An effort by Governor Terry McAuliffe to award five $25,000 grants to small Virginia startups will make its way to Charlottesville Sept. 23.
The Virginia Velocity Tour, which will stop in five cities around the commonwealth, will wrap up a week-long bus tour at The Haven, in conjunction with Tomtoberfest, the Tom Tom Founders Festival’s fall block party.
Applications to participate in the pitch night close Aug. 18, according to Velocity Tour spokesman Daniel Willson. To qualify, companies must have been in operation at least six months and raised less than $500,000.
The grant funding is being provided by the state, but the day-to-day operations and promotion of the tour are being handled by Washington, D.C.-based Village Capital.
“We think that the ideas that are going to build the 21st Century economy could be right under our noses,” said Village Capital CEO Ross Baird. “Everyone goes to New York or Silicon Valley for the next great idea, but we think the next breakthrough in agriculture might be in the Charlottesville area, or the next energy breakthrough might be in Southwest Virginia.”
The governor’s office hopes the tour will give Virginia a leg up in creating, rather than simply attracting, businesses.
“The reason to focus on the small stuff is that they are the next Google,” said Virginia Secretary of Commerce Maurice Jones. “You have to get in on the ground floor and provide funding and help these small businesses thrive.”
For businesses below that funding level, said Tom Tom Founders Festival Director Paul Beyer, an infusion of non-equity cash has a two benefits.
“All kinds of entrepreneurs in their early days are running very lean enterprises, and that kind of infusion of capital is literally what allows them to keep the lights on,” he said. “Not to mention that it is just a tremendous vote of confidence from the state that their work is meaningful and there is belief in their success.”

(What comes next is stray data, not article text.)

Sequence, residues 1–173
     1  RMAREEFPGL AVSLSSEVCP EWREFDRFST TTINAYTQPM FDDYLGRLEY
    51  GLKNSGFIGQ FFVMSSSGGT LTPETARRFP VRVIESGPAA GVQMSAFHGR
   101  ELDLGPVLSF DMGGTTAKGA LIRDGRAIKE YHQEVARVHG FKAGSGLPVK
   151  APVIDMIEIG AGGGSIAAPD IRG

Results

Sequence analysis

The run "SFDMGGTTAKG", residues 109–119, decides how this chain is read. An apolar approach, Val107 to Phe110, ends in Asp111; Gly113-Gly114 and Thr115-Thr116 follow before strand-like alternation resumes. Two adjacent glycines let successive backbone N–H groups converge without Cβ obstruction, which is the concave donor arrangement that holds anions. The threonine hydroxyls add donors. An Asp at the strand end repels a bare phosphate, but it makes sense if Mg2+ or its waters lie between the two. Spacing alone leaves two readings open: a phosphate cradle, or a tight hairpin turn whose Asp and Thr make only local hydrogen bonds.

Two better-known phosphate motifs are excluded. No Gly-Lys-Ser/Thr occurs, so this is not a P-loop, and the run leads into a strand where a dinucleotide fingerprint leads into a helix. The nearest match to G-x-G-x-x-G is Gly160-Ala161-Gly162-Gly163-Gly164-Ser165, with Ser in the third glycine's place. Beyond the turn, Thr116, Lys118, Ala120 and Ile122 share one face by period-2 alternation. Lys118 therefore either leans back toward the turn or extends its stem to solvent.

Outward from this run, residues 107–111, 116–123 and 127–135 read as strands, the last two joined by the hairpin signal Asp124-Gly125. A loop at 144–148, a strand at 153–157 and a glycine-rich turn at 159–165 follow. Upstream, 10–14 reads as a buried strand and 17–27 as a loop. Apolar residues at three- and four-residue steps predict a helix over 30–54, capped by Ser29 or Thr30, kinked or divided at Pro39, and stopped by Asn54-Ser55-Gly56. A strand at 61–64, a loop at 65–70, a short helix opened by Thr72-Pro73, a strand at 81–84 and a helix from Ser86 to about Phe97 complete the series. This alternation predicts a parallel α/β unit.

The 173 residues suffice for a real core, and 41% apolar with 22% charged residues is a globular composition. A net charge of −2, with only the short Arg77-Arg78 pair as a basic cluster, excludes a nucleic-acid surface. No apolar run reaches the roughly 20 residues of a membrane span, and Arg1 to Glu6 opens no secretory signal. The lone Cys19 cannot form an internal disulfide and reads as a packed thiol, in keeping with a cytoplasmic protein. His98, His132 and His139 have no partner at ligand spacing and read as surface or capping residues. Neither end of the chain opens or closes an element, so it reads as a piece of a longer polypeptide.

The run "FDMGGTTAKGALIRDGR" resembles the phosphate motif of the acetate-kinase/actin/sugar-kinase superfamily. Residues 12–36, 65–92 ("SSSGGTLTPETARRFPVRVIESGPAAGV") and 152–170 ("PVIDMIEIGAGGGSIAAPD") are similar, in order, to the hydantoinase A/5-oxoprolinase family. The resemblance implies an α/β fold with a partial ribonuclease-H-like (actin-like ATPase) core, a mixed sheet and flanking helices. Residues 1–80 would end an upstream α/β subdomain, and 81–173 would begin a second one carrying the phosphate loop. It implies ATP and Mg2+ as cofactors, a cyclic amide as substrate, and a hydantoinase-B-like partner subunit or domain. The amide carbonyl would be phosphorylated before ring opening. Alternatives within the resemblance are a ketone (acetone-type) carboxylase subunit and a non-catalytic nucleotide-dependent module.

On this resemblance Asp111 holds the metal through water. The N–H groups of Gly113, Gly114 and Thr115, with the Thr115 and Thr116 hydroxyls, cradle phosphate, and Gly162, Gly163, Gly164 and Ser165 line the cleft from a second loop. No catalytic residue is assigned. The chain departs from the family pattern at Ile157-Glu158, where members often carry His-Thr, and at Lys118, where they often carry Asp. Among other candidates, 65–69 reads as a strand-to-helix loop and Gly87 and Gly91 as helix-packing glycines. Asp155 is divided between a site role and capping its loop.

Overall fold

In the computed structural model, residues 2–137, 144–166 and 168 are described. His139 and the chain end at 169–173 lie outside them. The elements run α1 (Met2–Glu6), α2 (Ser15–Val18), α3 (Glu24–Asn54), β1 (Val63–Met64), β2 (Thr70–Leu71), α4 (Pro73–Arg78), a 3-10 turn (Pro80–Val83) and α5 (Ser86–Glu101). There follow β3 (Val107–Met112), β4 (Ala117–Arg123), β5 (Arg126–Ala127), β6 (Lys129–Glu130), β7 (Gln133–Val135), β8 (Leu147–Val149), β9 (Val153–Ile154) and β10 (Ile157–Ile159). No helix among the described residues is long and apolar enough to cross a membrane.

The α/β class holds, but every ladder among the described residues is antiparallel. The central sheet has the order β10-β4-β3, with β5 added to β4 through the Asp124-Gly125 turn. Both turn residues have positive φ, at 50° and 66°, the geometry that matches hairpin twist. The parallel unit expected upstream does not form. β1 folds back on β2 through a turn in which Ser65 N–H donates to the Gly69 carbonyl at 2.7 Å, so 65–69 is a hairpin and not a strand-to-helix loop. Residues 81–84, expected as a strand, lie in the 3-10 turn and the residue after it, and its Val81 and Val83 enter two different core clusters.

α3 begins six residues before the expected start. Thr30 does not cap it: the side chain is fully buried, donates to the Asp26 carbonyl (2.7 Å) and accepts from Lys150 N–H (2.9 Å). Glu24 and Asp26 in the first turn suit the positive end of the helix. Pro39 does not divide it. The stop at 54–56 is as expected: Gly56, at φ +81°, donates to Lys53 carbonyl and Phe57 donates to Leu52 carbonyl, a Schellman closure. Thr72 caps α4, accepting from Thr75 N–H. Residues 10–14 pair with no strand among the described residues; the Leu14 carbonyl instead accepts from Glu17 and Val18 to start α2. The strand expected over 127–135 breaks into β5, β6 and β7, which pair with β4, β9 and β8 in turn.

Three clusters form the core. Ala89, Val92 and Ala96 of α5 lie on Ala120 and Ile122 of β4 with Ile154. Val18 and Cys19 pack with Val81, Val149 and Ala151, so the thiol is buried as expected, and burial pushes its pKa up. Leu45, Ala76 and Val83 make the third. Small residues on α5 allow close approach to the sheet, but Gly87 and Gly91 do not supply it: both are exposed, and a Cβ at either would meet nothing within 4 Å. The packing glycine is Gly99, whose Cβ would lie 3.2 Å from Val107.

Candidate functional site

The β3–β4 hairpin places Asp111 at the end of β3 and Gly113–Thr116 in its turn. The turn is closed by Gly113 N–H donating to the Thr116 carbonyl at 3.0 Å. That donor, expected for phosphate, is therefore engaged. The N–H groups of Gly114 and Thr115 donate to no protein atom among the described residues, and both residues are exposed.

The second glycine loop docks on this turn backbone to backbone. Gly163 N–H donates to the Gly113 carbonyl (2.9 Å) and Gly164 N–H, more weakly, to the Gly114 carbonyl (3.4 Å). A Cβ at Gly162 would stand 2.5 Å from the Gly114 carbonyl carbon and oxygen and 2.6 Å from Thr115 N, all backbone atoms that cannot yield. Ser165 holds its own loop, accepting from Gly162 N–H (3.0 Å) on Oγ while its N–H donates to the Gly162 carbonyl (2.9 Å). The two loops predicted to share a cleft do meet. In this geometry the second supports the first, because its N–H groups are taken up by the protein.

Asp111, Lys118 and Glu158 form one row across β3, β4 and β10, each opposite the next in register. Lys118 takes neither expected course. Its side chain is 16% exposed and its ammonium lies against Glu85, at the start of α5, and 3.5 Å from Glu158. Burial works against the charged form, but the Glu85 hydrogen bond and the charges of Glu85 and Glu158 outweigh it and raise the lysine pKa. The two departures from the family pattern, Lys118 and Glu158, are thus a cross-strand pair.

Before the pitch night, the entrepreneurs in the competition and local elected officials and businesspeople will tour area businesses that have thrived.
The Central Virginia leg of the tour will focus on agriculture and food, Willson said, but startups in any business are encouraged to apply. Charlottesville Mayor Mike Signer said he hopes a variety of startups will turn out.
“While we do have exciting food and agriculture-related businesses, and while I understand the organizers want to focus on specific areas for each city, Charlottesville is thriving in many other areas, from biotech to web design to online education, and so I have encouraged the organizers to cast their Charlottesville visit as broadly and inclusively as possible,” he said.
The tour stop, coupled with Entrepreneur Magazine ranking Charlottesville fourth nationally on a list of best places for entrepreneurs, should be a boon for the local economy, Signer said.
“This is more good news and momentum for our innovation ecosystem, not to mention hopefully some dollars for our entrepreneurs,” he said.
Baird, a University of Virginia alumnus, said funding startups is the way to large-scale economic changes.
“If you are trying to create economic growth through big institutions it can be incremental, but if you want to make institutional changes, startups are the way to go,” he said. “You know, 20 years ago CapitalOne was a startup, and it has changed the way people access financial services … the University of Virginia was a startup 200 years ago, and it has changed the way people access education.”